There will be time to review the budget deal
which was just struck by congressional negotiators in more detail. To
that end, the open windows on my computer show the latest labor
statistics and economic trends. But the phrase that keeps coming to
mind, especially when it comes to the unemployed, is more than 200 years
old – 229 years, to be exact. And while its gender-specific phrasing
may render it antiquated, the expression’s meaning is sadly relevant in
today’s political world:
Man’s inhumanity to man.
I know, I know. That’s a pretty depressing thing to say. But let’s
look at the facts: Federal workers will be expected to subsidize this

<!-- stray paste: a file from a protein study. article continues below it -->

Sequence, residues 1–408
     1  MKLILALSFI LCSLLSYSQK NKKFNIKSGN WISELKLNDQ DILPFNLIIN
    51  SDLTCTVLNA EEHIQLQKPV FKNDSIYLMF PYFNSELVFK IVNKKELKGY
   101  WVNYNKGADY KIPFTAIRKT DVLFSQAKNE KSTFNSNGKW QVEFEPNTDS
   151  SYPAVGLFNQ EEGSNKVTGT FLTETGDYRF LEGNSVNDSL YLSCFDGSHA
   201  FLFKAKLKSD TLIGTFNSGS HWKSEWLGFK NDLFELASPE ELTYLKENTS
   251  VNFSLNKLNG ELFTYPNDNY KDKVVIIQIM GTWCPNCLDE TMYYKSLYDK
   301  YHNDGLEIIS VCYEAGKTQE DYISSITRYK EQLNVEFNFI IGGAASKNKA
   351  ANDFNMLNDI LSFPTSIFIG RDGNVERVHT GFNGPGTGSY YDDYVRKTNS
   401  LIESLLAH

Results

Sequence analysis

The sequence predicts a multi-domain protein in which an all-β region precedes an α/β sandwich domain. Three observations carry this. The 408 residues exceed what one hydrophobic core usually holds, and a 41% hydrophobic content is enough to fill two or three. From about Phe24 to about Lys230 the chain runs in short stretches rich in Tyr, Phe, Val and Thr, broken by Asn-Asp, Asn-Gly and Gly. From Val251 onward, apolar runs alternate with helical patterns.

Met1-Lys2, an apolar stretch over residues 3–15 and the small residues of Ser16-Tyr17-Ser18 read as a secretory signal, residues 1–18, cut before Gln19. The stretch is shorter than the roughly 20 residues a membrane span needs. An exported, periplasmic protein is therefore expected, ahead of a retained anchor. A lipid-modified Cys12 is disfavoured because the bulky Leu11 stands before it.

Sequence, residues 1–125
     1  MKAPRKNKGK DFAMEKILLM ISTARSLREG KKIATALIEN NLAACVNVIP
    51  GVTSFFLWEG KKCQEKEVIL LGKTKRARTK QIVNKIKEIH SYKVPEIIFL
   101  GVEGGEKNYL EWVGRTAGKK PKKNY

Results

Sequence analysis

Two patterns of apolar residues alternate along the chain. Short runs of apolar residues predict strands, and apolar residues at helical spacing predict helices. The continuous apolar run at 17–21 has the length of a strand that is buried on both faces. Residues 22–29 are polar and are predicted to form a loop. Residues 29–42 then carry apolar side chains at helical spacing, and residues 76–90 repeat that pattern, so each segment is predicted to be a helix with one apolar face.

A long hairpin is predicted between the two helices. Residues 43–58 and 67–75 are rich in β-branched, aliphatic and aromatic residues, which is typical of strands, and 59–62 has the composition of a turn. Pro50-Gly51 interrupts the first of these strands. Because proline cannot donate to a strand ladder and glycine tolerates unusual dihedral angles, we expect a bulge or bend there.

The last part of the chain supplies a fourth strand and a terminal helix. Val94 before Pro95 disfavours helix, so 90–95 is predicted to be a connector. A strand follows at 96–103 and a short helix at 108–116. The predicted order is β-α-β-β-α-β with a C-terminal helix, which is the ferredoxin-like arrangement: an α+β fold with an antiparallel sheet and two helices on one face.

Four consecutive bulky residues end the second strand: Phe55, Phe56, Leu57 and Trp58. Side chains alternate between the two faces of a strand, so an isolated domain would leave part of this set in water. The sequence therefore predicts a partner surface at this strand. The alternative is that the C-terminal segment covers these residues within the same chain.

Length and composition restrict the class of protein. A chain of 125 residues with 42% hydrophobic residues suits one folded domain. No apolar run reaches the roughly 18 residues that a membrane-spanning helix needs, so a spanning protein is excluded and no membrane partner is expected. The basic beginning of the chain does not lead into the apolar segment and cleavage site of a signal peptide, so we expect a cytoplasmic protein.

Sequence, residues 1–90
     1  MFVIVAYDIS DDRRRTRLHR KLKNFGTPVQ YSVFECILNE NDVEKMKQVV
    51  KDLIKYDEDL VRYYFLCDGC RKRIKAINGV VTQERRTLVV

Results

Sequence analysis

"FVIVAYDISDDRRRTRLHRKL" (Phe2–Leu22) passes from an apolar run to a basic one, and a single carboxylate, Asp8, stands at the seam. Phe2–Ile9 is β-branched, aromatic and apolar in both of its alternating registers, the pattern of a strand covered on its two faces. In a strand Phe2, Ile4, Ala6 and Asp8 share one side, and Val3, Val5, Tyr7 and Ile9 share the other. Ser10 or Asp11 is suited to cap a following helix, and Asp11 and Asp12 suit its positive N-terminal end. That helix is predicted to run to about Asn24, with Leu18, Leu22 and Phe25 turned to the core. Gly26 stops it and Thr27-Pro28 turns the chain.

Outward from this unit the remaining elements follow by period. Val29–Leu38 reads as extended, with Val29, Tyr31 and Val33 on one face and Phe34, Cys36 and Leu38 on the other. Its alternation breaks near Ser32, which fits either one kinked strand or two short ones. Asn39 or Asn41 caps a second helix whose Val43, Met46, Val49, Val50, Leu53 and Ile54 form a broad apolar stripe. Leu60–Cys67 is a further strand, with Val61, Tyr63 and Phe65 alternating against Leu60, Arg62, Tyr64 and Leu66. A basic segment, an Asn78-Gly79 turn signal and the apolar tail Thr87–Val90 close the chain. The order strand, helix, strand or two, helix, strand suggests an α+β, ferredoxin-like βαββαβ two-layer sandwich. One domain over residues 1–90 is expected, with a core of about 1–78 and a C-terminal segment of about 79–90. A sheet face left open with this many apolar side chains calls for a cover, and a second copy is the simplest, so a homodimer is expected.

deal with an increase in their out-of-pocket pension costs. There will
be cuts to Medicare. Airline passengers will pay a new tax. Military
retirees - military retirees - will see their benefits cut.
And the long-term unemployed, who have paid dearly for Wall Street’s
excesses, will receive no extension of benefits. The sequester’s cuts
were disastrous, but this deal is needlessly punitive. It’s
mean-spirited toward people who are struggling through no fault of their
own, people who have chosen a life of public service, and the middle
class in general.
And presumably it will pass.
says that “Democrats flatly got beat on sequestration. Republicans are
keeping — and increasing — the deficit reduction without ever giving up a
dime in taxes.” We agree with our colleague Dave Johnson:
this was the ideal time for Democrats to take a strong stand,
especially on behalf of the unemployed. And now the time has passed.